Re: Bing Professor?

      No - It means he's searching for the microwave oven....

    2. Tom 13

      Re: Bing Professor?

      Not at all. It means he uses Microsoft's search engine to perform all his academic research.

      ...

      Which probably explains quite a bit about his theories.

    3. JeffyPoooh Silver badge
      Pint

      Re: Bing Professor?

      Professors that go "Bing!"; as opposed to Knights that go "Nyit!".

  7. Bloodbeastterror

    Oh for god's sake...

    A scientist voices an opinion that our race is on its way to extinction and Tim chooses to cast up that he's been voicing it for 40 years...? Perhaps Tim thinks that mass extinctions take place in the blink of an eye rather than over the course of centuries or millennia?

    On the balance of credibility I think I'll go for the Professor rather than the opinionated author.

    1. Yag

      Re: Oh for god's sake...

      I guess you missed the point : his previous doomscares were unrelated to the extinction event.

    2. Anonymous Coward
      Anonymous Coward

      Re: Oh for god's sake...

      On the balance of credibility I think I'll go for the Professor rather than the opinionated author.

      Well, at least our opinionated author got the guy's name right. You didn't even seem to read the byline...

    3. dogged

      Re: Oh for god's sake...

      Tim?

      You didn't read it, did you?

      1. Bloodbeastterror

        Re: Oh for god's sake...

        I did read it, directly after another article by my other favourite commentator, Mr. Worstall...

        My bad...

    4. SolidSquid

      Re: Oh for god's sake...

      His previous two claims had time frames which have come and gone, and all three claims have differing causes. So while he's been saying the world was going to end for 40 years he keeps changing his mind on the *why*, which is the scientific bit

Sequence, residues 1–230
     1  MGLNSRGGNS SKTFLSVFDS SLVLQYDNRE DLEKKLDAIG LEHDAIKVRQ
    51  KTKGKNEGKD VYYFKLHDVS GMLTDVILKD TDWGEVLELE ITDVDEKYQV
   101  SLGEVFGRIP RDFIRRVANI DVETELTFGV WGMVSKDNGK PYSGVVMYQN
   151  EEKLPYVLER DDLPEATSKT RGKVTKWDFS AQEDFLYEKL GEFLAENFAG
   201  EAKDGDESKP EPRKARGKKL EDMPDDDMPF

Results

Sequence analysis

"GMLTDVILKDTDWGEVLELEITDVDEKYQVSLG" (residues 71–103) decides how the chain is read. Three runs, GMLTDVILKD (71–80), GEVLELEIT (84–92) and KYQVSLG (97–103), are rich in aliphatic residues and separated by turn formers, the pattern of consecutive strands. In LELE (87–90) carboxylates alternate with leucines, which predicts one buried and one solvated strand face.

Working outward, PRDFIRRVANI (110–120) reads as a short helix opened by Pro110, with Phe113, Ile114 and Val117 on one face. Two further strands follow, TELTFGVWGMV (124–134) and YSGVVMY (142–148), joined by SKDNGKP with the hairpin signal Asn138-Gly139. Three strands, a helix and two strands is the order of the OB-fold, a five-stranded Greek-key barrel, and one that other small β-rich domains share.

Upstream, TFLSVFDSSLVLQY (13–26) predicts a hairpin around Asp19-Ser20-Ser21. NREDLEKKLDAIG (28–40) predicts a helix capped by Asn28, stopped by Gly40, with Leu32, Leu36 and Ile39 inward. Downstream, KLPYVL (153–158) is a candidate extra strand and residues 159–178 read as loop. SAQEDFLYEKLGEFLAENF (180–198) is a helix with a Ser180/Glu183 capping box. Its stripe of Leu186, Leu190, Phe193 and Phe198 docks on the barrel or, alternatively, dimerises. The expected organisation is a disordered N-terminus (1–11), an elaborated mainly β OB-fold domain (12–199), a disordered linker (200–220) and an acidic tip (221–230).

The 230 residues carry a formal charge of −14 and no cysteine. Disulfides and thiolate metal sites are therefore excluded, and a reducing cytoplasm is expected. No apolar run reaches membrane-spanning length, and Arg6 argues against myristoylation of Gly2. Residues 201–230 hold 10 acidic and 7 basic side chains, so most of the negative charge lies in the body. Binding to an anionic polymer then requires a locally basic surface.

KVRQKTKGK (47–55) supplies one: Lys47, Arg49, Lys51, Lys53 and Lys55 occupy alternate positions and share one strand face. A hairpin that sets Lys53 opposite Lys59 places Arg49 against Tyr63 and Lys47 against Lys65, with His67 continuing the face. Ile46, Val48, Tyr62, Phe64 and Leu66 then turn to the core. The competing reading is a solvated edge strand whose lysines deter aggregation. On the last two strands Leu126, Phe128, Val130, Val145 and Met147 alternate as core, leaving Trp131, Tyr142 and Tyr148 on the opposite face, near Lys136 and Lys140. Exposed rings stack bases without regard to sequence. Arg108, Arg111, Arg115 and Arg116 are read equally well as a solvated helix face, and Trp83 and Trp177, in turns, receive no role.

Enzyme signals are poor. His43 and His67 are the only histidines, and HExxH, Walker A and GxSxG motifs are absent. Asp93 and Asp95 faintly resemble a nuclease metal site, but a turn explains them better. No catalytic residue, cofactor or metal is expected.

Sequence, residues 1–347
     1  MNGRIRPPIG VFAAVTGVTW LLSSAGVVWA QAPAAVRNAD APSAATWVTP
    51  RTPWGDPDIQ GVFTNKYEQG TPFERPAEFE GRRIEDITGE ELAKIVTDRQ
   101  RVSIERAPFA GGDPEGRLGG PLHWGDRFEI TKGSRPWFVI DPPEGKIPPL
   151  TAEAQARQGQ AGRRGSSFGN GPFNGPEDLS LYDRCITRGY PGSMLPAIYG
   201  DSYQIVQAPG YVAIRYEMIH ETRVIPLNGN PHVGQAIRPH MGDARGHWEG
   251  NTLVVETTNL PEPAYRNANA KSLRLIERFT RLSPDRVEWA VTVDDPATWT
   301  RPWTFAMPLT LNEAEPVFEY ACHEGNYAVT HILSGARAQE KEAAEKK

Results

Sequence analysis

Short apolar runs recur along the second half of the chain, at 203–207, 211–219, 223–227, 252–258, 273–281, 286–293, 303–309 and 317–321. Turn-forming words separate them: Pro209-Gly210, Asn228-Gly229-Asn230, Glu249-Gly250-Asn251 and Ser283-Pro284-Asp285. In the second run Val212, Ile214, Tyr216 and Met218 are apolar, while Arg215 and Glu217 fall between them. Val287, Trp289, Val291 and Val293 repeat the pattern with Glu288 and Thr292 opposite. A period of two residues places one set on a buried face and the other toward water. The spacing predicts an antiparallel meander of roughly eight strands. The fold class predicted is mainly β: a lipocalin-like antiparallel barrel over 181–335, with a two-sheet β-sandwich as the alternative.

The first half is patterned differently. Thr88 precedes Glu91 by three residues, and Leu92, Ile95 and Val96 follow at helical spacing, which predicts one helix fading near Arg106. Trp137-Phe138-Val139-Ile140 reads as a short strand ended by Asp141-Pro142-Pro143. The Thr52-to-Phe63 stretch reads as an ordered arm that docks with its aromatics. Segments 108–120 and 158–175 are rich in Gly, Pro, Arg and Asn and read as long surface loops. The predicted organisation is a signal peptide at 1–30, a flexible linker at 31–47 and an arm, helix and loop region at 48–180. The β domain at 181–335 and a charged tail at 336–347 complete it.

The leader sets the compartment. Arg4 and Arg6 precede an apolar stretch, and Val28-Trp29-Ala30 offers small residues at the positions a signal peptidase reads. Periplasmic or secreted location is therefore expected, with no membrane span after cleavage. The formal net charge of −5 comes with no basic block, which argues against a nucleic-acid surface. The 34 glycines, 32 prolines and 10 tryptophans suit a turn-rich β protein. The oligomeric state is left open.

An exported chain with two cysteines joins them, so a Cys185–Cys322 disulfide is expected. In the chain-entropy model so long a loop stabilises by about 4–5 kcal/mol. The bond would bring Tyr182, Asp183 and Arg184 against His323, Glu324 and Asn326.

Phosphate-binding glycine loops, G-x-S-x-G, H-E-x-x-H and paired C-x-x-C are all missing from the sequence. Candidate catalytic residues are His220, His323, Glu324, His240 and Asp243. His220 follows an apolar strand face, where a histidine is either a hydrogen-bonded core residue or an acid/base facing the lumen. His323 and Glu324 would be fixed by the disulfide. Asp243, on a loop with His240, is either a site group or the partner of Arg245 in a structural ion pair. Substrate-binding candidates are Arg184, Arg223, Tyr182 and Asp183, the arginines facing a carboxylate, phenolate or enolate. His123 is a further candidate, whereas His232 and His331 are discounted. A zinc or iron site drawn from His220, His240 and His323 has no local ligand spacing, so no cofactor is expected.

1. Anonymous Coward
        Anonymous Coward

        Re: Oh for god's sake...

        Not wishing to defend him particularly, but the brunt of the argument is that his previous two claims have been falsified by the passage of time.

        1) overpopulation - yes, he was wrong because he forgot to apply Moore Law to food production. There will come a point at which we cant find ways to eke out more food calories from the available area though, at which point what he says will turn out to be true. Not really an argument in his defence, just a fact of nature.

        2) nuclear winter. I appear to have missed the bit where we had a nuclear war and his theory was proven wrong here. Can someone remind me about this? That Freeman Dyson disagreed with him isnt the same as proving it wrong. Scientific debate frequently has people with different opinions, even when it is "right."

        So, really out of 3 claims, 1 we dont know about yet, 1 hasn't been tested yet and 1 has been proven false.

        I've seen worse academic records.

        1. NomNomNom

          Re: Oh for god's sake...

          "he forgot to apply Moore Law to food production"

          I know you are not claiming it literally, but there was no equivalent for Moore's law for food production. As far as I can tell, at the time there was no guarantee that crop yields could be massively increased more than they already had been.

          "2) nuclear winter. I appear to have missed the bit where we had a nuclear war "

          Exactly. It seems they are arguing Erlich should not have raised warnings about nuclear winter because he should have assumed nuclear war would not occur. As if anyone could have known that at the time.

          The warnings themselves are not being judged on the knowledge available when they were made, but in hindsight using the knowledge of today. So for example they argue Erlich should not have made warnings of global starvation because he should have assumed food production would ramp up, as if he should have been psychic. None of them offer reasons for why it was obvious he was wrong at the time.

          It's a fine way to dangerously shut down discussion of threats though. I notice that any warning that does not come to pass is now used as an excuse to dismiss further warnings out of hand.

          1. Loyal Commenter Silver badge

            Re: Oh for god's sake...

            @NomNomNom I think it was called the 'green revolution'. The fact that it was over pretty much by the '70s invalidates the erstwhile prof's ideas, but still, it is kind of analogous to Moore's Law.

          2. Pookietoo
            Facepalm

            Re: why it was obvious he was wrong at the time

            The simple fact is that nobody can know enough about complex situations like these, with an unknown number of unknown variables, to be able to make predictions that are guaranteed to be accurate, so anyone who claims that ability is overstepping his authority and subjecting himself to ridicule. It brings to mind the great horse manure crisis of 1894.